In other words, it seems at first glance as though masses of our otherwise-bright contemporaries are opting out of spending their leisure time reading about Arctic ice or Bashar al-Assad or the Trans-Pacific Partnership, in favour of applying bright ink to bleached pulp.
Predictably, critics have responded with colouring book angst. In a 2015 article in Spiked, for example, sociologist Frank Furedi calls adult colouring “junk-therapy” and links the books to “the McDonaldisation of the mind.” The piece is called, “Hey, Grown-ups: Put Down the Colouring Pens!”
On the Christian blog The Last Hiker, one author warns that colouring the ubiquitous mandala patterns “opens the door to demons.”
English comedian Russell Brand has also weighed in. In the episode “Adult Colouring Books: Is This the Apocalypse?” on his YouTube show The Trews, he plays a clip of a news segment on the books that leads with, “Move over meditation: there’s a new creative way to relax.” Brand acerbically responds, “You can’t replace meditation — contact with your innermost self, true consciousness and perhaps a cosmic consciousness behind all reality — with colouring in. . . . This is an apocalyptic end-of-days item, that adults are so terrified, so mentally ill and frustrated, that they’re going to regress to a second childhood rather than face up to the very adult problems we have.”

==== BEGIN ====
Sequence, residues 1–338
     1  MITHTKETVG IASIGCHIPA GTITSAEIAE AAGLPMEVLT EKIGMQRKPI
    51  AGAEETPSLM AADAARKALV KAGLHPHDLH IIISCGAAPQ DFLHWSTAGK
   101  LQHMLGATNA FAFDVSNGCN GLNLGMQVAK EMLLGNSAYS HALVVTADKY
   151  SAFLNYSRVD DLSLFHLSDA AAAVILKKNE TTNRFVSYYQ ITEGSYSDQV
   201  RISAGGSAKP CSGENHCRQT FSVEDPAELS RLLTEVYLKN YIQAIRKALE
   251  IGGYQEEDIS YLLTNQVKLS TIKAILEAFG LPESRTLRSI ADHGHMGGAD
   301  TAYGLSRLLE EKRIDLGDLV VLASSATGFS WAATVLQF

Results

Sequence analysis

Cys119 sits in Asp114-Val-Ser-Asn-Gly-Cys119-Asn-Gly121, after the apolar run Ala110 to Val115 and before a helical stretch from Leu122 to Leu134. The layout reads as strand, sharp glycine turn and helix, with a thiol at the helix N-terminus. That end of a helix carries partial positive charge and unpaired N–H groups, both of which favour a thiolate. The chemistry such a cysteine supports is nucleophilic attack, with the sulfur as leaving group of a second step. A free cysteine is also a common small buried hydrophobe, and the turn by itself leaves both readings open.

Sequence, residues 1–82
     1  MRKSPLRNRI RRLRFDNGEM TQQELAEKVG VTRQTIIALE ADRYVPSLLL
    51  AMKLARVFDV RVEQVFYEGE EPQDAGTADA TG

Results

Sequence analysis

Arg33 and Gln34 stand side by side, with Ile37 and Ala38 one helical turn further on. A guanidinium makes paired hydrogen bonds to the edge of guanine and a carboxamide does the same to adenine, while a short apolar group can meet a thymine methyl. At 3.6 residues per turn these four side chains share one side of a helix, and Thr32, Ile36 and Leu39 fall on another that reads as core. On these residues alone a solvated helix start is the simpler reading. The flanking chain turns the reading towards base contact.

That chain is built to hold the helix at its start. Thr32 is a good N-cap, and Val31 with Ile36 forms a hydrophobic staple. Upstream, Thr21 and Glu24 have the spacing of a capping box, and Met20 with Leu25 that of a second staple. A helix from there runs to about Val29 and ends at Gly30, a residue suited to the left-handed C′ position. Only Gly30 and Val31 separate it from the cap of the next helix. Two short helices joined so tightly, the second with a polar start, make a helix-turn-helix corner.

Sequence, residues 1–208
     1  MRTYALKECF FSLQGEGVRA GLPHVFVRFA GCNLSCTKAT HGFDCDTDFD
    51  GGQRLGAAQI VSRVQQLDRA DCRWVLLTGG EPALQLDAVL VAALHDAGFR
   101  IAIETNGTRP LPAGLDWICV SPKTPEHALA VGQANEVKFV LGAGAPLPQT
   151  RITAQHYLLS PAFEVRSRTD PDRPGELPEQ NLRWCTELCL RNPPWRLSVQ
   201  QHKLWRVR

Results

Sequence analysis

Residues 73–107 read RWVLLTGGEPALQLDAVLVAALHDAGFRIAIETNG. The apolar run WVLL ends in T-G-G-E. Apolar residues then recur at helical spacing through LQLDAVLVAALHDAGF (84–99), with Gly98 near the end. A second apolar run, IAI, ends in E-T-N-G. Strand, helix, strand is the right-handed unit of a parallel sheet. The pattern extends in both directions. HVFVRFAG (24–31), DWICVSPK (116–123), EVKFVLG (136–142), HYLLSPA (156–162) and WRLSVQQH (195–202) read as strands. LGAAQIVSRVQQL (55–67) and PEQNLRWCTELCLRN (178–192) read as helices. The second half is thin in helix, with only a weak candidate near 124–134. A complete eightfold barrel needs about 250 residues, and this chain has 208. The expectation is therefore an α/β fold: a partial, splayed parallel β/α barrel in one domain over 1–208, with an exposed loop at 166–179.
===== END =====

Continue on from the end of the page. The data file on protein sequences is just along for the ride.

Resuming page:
Collectively, one might deduce, gravity is out and fluff is in. Colouring books are not the only symptom. The 10 top-earning newsstand titles in Canada, according to CTC Boxscore, feature headlines such as “Behind the Scenes at Kim Kardashian’s Love Shoot.” Every magazine in the top 10 is either about celebrities (People is number 1) or lifestyle or fashion (Cosmopolitan is number 10). In spite of practically vibrating with importance, Time magazine sold 40 percent fewer newsstand copies in Canada in 2015 compared to 2012. Sales of the Food Network Magazine, on the other hand, remained stable, with cover lines such as “25 Festive Cookies” and “Cook Like a Star!”